Failed Sudden Cardiac Death in a Patient With an Anomalous Origin of the Right Coronary Artery
A64-year-old woman with no previous cardiac history suffered an out-of-hospital cardiac arrest the day after her husband died. She had previously complained of chest tightness, but an exercise ECG performed 2 months before this episode had not elicited any chest pain or ECG abnormalities. She was found in ventricular fibrillation by a paramedic ambulance crew, who successfully cardioverted her to sinus rhythm before transfer to the emergency department.
The ECG on arrival demonstrated ST segment elevation (2 mm) in the inferior leads (II, III, and aVF), which subsequently progressed to pathological Q waves. Her serum creatinine kinase rose to a maximum of 1037 IU/L on the second day of admission. Left heart catheterization demonstrated localized inferobasal hypokinesia on ventriculography; it further indicated that the right coronary artery arose anomalously from the left posterior sinus of Valsalva (Figure 1⇓), although there were no significant coronary stenoses. Subsequent cardiac MRI (Figure 2⇓) confirmed that the proximal segment of the right coronary artery passed between the aorta and pulmonary artery and indicated that the origin was acutely angulated.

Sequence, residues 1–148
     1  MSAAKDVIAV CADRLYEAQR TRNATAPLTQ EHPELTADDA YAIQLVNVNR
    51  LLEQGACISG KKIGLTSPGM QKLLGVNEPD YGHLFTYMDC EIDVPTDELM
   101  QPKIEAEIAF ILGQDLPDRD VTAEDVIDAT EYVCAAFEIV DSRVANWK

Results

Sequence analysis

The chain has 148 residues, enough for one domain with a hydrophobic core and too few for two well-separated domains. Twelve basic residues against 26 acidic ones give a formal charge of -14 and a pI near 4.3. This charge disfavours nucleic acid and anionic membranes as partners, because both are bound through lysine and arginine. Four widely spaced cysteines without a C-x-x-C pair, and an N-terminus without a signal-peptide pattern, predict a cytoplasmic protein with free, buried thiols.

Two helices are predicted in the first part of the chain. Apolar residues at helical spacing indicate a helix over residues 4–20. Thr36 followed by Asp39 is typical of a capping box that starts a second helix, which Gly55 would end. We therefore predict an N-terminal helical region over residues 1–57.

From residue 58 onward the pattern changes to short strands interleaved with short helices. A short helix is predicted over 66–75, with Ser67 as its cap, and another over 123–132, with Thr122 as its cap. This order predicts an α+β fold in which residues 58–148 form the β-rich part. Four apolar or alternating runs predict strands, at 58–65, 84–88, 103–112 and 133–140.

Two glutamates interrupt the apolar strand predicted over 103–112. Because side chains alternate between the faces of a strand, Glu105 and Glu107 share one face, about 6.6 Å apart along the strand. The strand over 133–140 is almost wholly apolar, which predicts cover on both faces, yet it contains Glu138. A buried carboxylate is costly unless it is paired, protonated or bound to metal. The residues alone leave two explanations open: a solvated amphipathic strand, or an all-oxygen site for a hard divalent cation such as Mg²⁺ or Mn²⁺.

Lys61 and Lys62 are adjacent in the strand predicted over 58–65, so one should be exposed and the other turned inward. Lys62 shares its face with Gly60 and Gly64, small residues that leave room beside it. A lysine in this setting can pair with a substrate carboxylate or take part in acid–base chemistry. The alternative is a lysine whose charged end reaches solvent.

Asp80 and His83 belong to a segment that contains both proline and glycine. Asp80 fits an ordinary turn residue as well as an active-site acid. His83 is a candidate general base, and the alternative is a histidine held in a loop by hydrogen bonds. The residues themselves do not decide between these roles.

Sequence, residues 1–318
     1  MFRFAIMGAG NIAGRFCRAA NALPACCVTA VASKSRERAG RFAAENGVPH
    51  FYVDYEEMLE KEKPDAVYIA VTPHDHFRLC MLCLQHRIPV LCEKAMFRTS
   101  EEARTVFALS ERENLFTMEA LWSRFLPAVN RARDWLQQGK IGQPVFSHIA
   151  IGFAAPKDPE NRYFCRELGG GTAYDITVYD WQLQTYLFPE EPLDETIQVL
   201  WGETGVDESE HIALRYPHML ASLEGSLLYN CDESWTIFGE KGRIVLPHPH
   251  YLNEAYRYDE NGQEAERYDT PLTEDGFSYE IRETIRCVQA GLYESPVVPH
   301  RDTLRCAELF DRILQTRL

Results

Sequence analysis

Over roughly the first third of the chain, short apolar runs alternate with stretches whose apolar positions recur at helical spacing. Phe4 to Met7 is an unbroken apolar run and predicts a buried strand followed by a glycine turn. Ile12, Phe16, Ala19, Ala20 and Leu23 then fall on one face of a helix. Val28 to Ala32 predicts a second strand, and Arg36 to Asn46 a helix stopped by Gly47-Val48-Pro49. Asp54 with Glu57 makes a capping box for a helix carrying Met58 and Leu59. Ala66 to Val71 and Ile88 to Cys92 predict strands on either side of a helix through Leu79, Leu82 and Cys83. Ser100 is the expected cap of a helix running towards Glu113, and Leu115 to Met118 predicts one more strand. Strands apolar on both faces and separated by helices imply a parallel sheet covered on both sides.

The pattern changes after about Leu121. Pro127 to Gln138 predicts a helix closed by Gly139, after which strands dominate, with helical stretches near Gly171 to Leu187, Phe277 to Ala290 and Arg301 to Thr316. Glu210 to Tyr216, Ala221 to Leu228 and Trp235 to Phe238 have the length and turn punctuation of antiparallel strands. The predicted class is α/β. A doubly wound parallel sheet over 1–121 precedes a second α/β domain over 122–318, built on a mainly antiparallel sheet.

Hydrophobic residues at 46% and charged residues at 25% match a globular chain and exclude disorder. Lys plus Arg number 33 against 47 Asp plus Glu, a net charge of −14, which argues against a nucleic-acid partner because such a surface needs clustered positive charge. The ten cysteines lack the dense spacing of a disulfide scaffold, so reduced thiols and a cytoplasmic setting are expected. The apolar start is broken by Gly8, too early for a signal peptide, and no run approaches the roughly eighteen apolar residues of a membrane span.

An association between this rare coronary anomaly and sudden cardiac death has been reported. It has been proposed that the oblique insertion of the right coronary artery and its upright, slit-like origin in such cases may cause intermittent obstruction to right coronary flow, particularly when the aorta and pulmonary trunk dilate during stress. The clinical details in this case are consistent with the hypothesis that malignant ventricular arrhythmias may be triggered by acute myocardial ischemia in the right coronary territory in the presence of this anomaly. The patient underwent a single vein graft to the right coronary artery performed off bypass, and she was well at last follow-up.
The editor of Images in Cardiovascular Medicine is Hugh A. McAllister, Jr, MD, Chief, Department of Pathology, St Luke’s Episcopal Hospital and Texas Heart Institute, and Clinical Professor of Pathology, University of Texas Medical School and Baylor College of Medicine.
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